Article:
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MSU Weed Science Team wins top honors

By Laura H Smith

MSU Weed Science Team wins top honors
Members of the MSU Weed Science Team include (from left) alternate Hayden Duncan, Kayla Broster, Antonio Correa-Tavares, coaches Taghi Bararpour and Te-Ming Paul Tseng, Jake Patterson, Amy Wilber, and alternate William Stark.

Members of the Mississippi State University Weed Science Team garnered first place in the National Weed Science Contest for their precise efforts in Team Sprayer Calibration.

Competing against teams from across the United States and Canada, MSU’s team was comprised of Kayla Broster, Jake Patterson, Amy Wilber, and Antonio Correa-Tavares. They were coached by Drs. Te-Ming Paul Tseng, an Associate Professor in Weed Science and Taghi Bararpour, an Associate Extension/Research Professor in Weed Science. Alternates were Hayden Duncan and William Stark.

Hosted by Bayer Crop Science in Union City, TN., more than 200 students competed in the contest which challenges students in areas including weed identification, application technology, identification of unknown herbicides and problem solving and recommendations.

“We are really proud of our students on the MSU Weed Science team,” Dr. Bararpour said. “We’re so proud for them just to step up to the job regardless of the outcome, and their hard work has paid off.”

The MSU team came away with awards in the regional event as well. In the Southern Weed Science Contest, they calculated walking speed, accurately calculated the amount of herbicide and applied it over a 100-foot course resulting in a first-place win in Team Field Calibration. “Our sprayer calibration and application were near-perfect,” said Patterson, a PhD candidate studying weed science from New Market, AL.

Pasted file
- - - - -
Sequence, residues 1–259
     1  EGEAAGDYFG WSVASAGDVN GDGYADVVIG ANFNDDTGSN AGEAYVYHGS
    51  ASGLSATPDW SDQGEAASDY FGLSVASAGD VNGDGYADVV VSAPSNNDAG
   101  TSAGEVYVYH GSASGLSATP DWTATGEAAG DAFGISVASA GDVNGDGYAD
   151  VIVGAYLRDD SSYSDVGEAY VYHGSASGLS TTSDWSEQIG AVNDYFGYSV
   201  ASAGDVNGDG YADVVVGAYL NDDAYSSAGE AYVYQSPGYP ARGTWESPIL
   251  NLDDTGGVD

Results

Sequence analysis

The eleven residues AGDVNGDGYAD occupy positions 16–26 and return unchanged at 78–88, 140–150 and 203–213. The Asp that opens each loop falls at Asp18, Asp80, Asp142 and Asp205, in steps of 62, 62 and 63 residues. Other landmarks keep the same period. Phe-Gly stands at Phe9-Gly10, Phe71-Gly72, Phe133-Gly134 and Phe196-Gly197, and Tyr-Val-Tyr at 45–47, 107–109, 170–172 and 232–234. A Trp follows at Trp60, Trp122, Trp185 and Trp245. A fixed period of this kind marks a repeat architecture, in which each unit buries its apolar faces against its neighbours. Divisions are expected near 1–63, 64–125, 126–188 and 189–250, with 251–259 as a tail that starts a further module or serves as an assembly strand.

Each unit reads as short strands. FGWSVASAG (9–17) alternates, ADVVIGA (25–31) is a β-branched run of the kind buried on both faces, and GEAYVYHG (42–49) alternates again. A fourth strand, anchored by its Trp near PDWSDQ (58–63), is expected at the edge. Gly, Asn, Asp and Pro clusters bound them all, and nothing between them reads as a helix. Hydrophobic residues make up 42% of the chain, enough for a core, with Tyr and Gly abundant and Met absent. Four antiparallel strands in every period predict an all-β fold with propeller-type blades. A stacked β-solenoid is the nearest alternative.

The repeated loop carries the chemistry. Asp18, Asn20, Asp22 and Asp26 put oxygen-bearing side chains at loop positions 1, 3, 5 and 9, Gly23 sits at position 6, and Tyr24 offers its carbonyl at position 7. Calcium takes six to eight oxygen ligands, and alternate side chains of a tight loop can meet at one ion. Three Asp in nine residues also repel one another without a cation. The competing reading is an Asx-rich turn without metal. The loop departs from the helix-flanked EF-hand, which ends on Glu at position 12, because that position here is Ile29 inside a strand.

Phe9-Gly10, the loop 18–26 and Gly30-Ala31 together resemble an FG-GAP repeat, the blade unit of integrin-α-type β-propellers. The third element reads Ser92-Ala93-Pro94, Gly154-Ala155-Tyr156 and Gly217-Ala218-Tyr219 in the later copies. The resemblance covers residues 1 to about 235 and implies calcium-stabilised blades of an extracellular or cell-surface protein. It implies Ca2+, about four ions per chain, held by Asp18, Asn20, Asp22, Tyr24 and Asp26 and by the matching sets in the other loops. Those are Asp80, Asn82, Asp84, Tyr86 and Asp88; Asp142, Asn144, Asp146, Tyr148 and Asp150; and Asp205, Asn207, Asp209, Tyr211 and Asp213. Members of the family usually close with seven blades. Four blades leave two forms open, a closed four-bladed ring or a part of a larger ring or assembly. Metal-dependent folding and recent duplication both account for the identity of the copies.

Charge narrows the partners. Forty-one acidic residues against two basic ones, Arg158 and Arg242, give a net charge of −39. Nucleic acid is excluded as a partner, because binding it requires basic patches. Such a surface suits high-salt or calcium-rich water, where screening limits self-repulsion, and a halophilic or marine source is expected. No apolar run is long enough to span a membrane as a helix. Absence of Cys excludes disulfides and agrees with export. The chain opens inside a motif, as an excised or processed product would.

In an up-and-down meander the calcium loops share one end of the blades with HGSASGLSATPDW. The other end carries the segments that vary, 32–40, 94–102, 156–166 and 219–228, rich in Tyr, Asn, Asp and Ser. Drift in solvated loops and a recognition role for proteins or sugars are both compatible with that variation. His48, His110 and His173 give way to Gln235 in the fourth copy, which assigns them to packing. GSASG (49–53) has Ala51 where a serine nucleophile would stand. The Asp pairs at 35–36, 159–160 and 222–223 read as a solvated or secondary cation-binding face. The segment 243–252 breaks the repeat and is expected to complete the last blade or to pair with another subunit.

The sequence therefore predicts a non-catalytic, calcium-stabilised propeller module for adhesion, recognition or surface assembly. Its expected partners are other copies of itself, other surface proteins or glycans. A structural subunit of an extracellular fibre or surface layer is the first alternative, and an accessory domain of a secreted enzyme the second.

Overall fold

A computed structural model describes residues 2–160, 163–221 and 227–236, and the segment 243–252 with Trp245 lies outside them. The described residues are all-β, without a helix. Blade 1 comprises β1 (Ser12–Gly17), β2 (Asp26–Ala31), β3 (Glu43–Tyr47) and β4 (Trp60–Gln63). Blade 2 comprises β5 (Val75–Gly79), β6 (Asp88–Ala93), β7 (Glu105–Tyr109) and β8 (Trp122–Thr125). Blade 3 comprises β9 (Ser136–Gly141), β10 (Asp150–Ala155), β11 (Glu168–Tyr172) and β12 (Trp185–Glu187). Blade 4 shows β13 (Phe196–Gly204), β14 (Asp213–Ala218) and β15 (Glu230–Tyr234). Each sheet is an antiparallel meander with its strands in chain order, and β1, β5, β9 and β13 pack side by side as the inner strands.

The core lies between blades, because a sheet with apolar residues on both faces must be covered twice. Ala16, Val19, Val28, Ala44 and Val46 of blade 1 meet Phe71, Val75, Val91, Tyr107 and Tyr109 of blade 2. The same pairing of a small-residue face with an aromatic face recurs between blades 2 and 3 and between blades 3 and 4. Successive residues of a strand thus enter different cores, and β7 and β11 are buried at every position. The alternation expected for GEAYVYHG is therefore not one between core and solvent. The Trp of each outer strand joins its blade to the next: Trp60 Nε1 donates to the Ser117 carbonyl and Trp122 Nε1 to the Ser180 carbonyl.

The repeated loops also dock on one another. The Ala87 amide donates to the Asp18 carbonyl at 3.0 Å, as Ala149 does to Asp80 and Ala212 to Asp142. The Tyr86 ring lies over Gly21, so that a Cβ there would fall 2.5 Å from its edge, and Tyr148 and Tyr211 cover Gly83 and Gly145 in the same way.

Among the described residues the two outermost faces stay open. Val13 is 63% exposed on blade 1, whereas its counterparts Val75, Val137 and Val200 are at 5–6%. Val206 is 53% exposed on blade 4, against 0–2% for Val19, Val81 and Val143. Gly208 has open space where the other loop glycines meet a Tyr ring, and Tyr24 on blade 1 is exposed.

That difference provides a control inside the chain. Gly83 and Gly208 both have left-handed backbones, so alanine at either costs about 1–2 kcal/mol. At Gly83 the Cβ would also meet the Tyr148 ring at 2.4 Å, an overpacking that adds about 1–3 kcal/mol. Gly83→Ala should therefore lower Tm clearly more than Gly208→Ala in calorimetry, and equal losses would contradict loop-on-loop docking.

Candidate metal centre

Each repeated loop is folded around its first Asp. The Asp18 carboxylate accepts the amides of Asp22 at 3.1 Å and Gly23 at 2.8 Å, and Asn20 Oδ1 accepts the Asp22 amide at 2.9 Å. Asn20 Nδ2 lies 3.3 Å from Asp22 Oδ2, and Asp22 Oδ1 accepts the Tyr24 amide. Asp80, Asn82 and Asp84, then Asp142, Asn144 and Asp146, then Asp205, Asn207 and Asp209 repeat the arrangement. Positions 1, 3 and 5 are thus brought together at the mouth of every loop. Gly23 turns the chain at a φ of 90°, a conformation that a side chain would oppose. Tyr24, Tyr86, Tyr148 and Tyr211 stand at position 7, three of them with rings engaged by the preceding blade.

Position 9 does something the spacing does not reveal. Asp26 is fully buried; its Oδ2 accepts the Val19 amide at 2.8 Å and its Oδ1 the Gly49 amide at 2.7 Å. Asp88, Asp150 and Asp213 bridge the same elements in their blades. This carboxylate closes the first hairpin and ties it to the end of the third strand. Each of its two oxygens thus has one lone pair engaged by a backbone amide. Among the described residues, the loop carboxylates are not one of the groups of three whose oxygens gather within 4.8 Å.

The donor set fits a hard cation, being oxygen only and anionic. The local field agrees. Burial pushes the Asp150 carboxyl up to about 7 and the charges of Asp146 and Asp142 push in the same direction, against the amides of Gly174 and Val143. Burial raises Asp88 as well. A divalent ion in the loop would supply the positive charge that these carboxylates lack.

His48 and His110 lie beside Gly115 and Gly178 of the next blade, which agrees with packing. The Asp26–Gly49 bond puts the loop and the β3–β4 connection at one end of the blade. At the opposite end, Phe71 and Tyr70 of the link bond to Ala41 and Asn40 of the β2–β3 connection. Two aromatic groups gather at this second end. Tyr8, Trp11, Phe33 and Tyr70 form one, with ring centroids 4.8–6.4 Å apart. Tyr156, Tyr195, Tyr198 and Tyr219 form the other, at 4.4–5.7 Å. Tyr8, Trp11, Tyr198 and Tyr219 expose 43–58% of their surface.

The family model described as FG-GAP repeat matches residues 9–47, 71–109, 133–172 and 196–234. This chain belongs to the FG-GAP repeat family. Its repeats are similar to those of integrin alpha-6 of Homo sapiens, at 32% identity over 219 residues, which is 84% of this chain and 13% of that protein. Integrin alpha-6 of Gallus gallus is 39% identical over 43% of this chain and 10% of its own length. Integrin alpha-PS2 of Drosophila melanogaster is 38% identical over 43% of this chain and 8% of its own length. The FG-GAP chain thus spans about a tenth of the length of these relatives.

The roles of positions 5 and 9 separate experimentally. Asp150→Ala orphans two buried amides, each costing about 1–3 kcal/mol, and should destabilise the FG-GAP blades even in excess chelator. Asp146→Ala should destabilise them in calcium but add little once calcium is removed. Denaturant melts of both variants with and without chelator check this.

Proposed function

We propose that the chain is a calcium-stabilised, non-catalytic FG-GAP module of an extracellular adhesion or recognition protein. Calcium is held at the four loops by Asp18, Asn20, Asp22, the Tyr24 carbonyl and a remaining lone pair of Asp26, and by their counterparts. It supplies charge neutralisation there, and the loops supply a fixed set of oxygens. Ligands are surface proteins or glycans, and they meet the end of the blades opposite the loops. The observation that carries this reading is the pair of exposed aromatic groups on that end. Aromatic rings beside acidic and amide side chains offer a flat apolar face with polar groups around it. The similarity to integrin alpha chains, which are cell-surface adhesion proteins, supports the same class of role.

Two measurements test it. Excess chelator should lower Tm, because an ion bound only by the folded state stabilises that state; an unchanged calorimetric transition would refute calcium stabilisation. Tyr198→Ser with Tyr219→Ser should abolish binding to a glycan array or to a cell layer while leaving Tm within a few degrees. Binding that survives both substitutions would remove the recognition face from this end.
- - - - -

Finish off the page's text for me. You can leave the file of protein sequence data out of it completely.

The contest was Patterson’s fourth, and he said this year’s team, which also took third overall in the regional contest, is a family. “We’re a tight-knit group,” he said.

Patterson said the weed contest is one of the most valuable things that a weed science graduate student will do throughout his education and career. In solving grower issues, the students walk fields with the farmer and try to address the problem at hand. “It is applied science,” he said. “You take the things you’ve learned and apply them to real-world scenarios.”

According to the Weed Science Society of America, the National Weed Science Contest is a joint activity between the Northeastern, North Central, Southern, and Western Weed Science Societies. Its purpose is provide a competitive educational experience from which students from universities across the country can broaden their applied skills in Weed Science.


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